fbpx Skip to main content

In this MD Newsline exclusive interview with rheumatologist Dr. Maggie Cadet, we discuss rheumatoid arthritis management challenges and disparities during the COVID-19 pandemic.

MD Newsline:

What are the biggest challenges that rheumatologists are tasked with in the wake of COVID-19?

Dr. Maggie Cadet:

“It has been challenging to assuage our patients’ fears of getting vaccinated for COVID-19. A lot of our patients with rheumatoid arthritis are afraid of getting vaccinated because they’re worried the vaccination will precipitate a flare-up of their disease. And also, a lot of our patients are on immunosuppressant drugs such as biologics, JAK1 inhibitors, and high doses of steroids that may play a role in vaccination response.

So, what I do is I refer my patients to the American College of Rheumatology website. They do recommend in their guidelines that patients with rheumatoid arthritis and other autoimmune diseases get vaccinated because the risk of severe COVID-19 is worse than the side effects of the vaccine or a possible flare-up of their disease. And flares can be managed with steroids and other medications. Despite these guidelines, it’s still been challenging for our patients to feel confident in getting vaccinated for COVID-19.

The other big challenge is getting our patients to follow up. With the pandemic, patients have been afraid to come in to the office. And it’s important for them to follow up because some of their medications can really affect the kidneys, liver, and other serologic parameters. So, we need to keep track of that. Telehealth visits and bloodwork checks should be utilized.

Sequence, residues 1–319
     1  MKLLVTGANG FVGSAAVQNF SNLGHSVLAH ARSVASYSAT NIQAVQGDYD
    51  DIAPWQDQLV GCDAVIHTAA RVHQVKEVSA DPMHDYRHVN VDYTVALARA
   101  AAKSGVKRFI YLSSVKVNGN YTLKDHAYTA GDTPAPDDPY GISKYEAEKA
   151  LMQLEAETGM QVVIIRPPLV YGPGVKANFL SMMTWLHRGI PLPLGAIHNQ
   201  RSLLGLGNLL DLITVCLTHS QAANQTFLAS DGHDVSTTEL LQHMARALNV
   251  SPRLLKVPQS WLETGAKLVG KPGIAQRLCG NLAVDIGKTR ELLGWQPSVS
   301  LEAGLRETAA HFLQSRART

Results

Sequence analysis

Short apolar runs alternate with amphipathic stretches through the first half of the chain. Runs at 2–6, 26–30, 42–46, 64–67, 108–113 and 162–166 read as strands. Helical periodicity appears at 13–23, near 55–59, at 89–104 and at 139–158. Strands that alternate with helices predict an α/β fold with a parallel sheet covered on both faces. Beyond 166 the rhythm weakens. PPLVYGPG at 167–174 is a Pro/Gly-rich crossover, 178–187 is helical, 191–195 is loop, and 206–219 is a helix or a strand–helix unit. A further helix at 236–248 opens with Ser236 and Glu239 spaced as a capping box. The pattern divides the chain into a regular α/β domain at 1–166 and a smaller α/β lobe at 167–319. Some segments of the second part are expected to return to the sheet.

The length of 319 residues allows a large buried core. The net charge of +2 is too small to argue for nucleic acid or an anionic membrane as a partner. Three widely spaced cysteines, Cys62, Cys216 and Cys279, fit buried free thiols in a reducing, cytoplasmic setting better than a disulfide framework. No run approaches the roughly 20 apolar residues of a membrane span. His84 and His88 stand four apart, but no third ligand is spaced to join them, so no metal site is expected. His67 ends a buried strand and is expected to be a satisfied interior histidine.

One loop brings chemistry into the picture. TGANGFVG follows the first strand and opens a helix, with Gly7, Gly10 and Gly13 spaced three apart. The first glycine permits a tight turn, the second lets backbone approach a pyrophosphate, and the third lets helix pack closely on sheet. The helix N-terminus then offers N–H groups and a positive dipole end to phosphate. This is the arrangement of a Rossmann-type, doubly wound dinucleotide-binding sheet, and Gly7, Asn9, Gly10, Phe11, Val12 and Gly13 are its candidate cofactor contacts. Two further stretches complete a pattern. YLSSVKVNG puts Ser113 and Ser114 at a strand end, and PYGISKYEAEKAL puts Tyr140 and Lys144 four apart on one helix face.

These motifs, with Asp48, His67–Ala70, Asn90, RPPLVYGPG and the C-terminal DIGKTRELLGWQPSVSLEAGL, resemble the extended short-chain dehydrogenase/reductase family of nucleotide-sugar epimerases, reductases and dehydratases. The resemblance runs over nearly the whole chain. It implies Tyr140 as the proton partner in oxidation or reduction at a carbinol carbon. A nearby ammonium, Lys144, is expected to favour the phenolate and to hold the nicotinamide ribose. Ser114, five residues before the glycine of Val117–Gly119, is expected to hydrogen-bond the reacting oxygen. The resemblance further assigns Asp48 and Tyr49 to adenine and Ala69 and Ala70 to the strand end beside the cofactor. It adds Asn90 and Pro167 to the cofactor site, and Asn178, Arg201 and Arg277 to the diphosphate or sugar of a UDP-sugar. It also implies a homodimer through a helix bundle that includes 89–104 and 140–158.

Lastly, screening has also been a challenge during the pandemic. I remind my patients that rheumatoid arthritis affects other organs. And, we want to make sure our patients are getting screened for medication side effects like diabetes, hypertension, and other comorbidities.”

You May Also Like::  Dr. Maggie Cadet: Managing Rheumatoid Arthritis

 

MD Newsline:

Do you think arthritis disparities have worsened during the COVID-19 pandemic?

Dr. Maggie Cadet:

“We do know that minority populations have been harder hit by COVID-19. Also, a lot of minority populations have other comorbidities like diabetes, COPD, hypertension, and kidney disease, and these disparities have been compounded by COVID-19.

As I was saying for my patients with rheumatoid arthritis who are hesitant to get vaccinated, some of them have gotten sick with COVID-19, which resulted in other problems on top of their arthritis, which has maybe impacted their disability.”

 

Responses have been condensed and lightly edited.

Share this article